Once I was dressed, Body Glided and sufficiently fueled/hydrated, I made my way over to the start. The masses were en route, with runners coming in all shapes and sizes. As I headed east towards Millennium Park, the sunrise silhouetted the Art Institute. It was a beautiful - if already overly balmy - start to the day.
I meandered through the chain-link maze and found the Bank of America Customer Upgrade Tent. My little gold wristband allowed me access to a private area, and - most critically - open port-a-potties. I took advantage of them, and headed over towards the seeded corral entrance at about 7:00 am. The lines were forming, but the mass was moving steadily. Marathon security officers did not mess around, though, refusing entry to anyone without a proper bib.
In short order, I had found the front left corner of the B Corral, and did some light stretching just outside the area where the wheelchair racers awaited their call to the start. I got a friendly greeting from the Team Achilles lady whom I'd met at the Reeve Foundation luncheon while I kept an eye out for Amy and Matt. I spotted Amy, and then Matt was upon us. We were resplendent in our coordinated Endurasoak singlets.
Amy griped about her dead watch, and I asked her to write my RWOL name (ESG) on my arm. She mocked my skinny upper arm before drawing a smiley face on my right biceps. I'd written RON on my left arm, and the letters were plenty big, thank-you-very-much!
The national anthem played and it was just about that time, the moment where all the anticipation, nervousness, sacrifice, doubt and excitement funnel together to create the hard-to-articulate feeling that keeps so many of us coming back to the marathon again and again. For a split second, it truly feels like anything is possible, and that greatness lies just a few not-so-short miles away.
One of the truisms of running the Chicago Marathon is that the first mile is a bit of a pacing nightmare. Those of us with an unhealthy codependent relationship with our GPS watch suffer the most, as the signal goes wacky as soon as we head into the first tunnel, and does not get much better with all the tall buildings around. I went by feel, trying not to waste too much energy weaving around other runners. Amy and Matt stayed close, and we hit the first mile marker while 7:15 was on my watch. Perfect pace for a 3:10 marathon, but I was not feeling good. I asked Amy for a swig from her water bottle, as I had that familiar adrenaline-fueled cottonmouth feeling. That helped, and I tried to settle into the pace.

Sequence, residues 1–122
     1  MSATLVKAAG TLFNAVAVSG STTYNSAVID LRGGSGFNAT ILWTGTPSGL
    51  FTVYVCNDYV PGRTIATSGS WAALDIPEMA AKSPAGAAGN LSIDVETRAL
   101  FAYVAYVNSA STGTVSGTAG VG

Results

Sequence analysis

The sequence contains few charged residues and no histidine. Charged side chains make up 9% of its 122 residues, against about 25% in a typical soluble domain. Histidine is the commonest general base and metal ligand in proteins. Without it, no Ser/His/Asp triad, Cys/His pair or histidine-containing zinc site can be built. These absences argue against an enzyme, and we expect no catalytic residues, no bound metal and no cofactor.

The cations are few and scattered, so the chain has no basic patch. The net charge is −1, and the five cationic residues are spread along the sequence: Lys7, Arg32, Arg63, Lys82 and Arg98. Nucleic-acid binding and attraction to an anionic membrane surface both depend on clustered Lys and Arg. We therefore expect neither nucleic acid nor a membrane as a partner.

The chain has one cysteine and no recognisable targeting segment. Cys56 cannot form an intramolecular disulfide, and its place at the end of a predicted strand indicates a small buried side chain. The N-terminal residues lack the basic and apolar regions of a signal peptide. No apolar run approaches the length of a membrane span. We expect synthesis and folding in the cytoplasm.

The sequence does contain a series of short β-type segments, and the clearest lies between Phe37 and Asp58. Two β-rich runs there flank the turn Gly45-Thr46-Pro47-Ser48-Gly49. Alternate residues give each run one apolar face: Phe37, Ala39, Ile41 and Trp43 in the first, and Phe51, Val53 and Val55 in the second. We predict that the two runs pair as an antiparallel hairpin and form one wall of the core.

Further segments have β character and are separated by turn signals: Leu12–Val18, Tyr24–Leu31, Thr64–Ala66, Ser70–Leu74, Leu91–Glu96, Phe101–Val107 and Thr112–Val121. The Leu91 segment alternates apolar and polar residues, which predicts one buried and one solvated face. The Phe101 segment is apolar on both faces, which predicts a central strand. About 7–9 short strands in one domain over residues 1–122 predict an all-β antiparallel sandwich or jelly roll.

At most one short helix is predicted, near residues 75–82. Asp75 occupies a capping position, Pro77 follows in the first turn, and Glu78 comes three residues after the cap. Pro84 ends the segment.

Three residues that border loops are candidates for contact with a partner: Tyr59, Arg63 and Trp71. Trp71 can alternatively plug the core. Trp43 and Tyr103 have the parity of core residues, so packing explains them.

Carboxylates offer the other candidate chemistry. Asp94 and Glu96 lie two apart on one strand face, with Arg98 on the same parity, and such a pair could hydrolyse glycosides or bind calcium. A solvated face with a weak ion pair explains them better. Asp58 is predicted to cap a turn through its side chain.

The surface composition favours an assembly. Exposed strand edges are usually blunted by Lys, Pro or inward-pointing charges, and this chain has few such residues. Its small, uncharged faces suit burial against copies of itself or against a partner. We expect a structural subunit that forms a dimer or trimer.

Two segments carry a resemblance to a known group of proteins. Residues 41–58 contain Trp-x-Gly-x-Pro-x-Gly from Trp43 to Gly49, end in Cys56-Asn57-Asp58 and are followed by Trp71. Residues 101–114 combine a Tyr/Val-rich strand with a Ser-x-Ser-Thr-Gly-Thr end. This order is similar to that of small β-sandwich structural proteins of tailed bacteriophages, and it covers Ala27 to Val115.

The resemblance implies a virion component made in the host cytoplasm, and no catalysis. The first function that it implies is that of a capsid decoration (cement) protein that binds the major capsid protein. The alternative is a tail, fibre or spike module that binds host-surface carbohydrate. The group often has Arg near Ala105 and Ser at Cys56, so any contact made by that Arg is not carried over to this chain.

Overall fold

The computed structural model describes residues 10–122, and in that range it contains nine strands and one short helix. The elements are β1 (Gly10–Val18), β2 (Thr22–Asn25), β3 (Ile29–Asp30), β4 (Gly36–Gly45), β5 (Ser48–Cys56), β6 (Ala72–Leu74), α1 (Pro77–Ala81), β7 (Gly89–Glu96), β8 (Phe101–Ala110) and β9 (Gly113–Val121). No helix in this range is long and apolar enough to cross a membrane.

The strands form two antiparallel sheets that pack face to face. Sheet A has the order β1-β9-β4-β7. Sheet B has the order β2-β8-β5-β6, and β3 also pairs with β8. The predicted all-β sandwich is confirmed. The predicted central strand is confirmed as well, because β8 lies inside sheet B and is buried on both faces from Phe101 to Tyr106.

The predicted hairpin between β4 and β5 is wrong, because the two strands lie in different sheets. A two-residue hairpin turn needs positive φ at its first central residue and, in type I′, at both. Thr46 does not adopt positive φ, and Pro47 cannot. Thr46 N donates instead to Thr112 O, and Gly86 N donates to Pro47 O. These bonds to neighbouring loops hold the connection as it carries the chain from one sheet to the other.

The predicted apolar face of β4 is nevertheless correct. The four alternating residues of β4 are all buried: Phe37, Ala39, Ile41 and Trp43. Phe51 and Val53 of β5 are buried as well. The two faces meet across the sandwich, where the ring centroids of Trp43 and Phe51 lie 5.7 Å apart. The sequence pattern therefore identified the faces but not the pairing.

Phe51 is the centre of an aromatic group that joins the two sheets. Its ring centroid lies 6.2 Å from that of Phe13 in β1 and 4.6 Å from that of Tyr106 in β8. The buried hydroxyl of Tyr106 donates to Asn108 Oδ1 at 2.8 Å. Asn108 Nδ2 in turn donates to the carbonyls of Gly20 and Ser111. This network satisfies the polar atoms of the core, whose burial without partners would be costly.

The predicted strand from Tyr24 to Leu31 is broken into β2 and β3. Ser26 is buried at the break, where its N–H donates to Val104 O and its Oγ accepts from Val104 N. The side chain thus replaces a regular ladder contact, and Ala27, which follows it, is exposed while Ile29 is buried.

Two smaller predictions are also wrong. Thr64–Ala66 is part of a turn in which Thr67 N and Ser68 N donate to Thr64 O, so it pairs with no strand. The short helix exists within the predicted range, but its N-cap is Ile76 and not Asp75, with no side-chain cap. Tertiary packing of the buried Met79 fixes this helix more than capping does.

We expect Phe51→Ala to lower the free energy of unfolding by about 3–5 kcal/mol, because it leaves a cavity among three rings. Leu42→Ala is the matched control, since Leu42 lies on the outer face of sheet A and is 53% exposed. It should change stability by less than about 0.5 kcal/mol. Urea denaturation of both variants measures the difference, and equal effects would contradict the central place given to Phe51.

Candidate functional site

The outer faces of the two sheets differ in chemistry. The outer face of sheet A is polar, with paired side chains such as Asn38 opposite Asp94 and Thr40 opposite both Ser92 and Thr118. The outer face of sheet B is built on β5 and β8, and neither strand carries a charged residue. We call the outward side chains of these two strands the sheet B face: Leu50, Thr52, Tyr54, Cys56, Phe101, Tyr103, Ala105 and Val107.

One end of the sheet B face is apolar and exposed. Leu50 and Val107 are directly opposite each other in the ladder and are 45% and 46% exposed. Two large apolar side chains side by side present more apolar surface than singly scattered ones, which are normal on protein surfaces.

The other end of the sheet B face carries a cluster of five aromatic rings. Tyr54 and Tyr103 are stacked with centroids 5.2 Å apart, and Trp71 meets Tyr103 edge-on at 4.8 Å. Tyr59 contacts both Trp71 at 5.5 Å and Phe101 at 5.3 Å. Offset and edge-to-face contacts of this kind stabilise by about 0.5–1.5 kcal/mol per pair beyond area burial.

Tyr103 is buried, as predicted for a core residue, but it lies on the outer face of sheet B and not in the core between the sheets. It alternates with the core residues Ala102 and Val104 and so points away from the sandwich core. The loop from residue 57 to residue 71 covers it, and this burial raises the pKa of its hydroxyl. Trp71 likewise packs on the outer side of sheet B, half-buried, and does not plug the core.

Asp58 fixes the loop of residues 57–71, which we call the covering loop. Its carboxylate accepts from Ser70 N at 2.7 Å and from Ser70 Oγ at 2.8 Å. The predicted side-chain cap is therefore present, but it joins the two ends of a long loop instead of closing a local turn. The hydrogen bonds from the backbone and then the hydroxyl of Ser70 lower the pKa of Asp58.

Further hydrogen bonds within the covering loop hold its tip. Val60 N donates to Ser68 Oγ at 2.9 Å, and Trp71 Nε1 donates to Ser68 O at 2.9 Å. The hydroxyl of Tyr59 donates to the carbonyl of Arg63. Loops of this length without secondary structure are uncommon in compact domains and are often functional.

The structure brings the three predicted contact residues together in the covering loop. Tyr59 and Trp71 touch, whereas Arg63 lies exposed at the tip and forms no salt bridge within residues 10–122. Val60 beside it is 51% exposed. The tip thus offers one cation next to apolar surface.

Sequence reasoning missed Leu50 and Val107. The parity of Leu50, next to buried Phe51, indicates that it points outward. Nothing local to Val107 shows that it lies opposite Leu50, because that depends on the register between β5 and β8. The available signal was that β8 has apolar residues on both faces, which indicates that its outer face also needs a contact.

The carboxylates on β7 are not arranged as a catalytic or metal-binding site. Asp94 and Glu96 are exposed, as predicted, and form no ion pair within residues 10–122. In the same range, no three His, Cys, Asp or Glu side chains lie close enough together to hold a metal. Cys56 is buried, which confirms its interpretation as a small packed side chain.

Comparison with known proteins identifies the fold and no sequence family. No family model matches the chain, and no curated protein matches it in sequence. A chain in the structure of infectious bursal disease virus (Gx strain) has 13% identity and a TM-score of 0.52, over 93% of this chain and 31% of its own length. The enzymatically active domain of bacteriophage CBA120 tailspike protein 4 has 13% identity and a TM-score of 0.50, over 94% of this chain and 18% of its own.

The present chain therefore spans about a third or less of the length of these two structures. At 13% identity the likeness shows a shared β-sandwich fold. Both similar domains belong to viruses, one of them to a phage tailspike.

It didn't take long for me to realize that sub-7:15/mile pace was not realistic. While the early temps were not oppressive, the humidity was another story. I was sweating a lot, and I felt like I was working too hard too early. Thinking about what lay ahead, I quietly let Amy and Matt go at around the 5K mark, and I dialed down the pace towards the end of the fifth mile.
I never really felt "right" or comfortable early on. I needed to pee, and my stomach was a tad rumbly. Fortunately, that was about to change.
I took a non-caffeinated Gu Roctane (pineapple) at around 1:30 into the race, not wanting to risk GI problems for the umpteenth time in recent races. It went down fine.
When I saw the split for the half (1:36+), I started thinking about my goal again, and decided that a 1:40 second half (about a 3.5-minute positive split) would get me a nice new PR. Knowing that 7:39/mile is 1:40 half-marathon pace, I strove to keep the miles at or under 7:30 for as long as I could. The little bit of time banking was to allow for what I deemed the inevitable fade. It almost worked.
OK, the heat was on the rise, but the plan seemed to be working. I clicked off the desired pace and - for only the second time in marathon "career" - hit the 20-mile mark feeling functional and relatively in control. I passed the spot where I fell apart in 2007, and pondered how it feels like I'm a completely different person now. As a runner, I suppose I am.
Still, these miles required intense focus. I thought about how sweet a new PR would be, on the streets of my first marathon, the place which almost appears to have a personal vendetta against me as far as marathon weather is concerned. The thoughts in my head were mostly positive, encouraging, hopeful. I took more Endurolytes and a third gel (Accelerade again). I never broke stride, not for one instant.
Around Mile 20, a bank thermometer read 81F. As I passed it, I literally gave it the finger.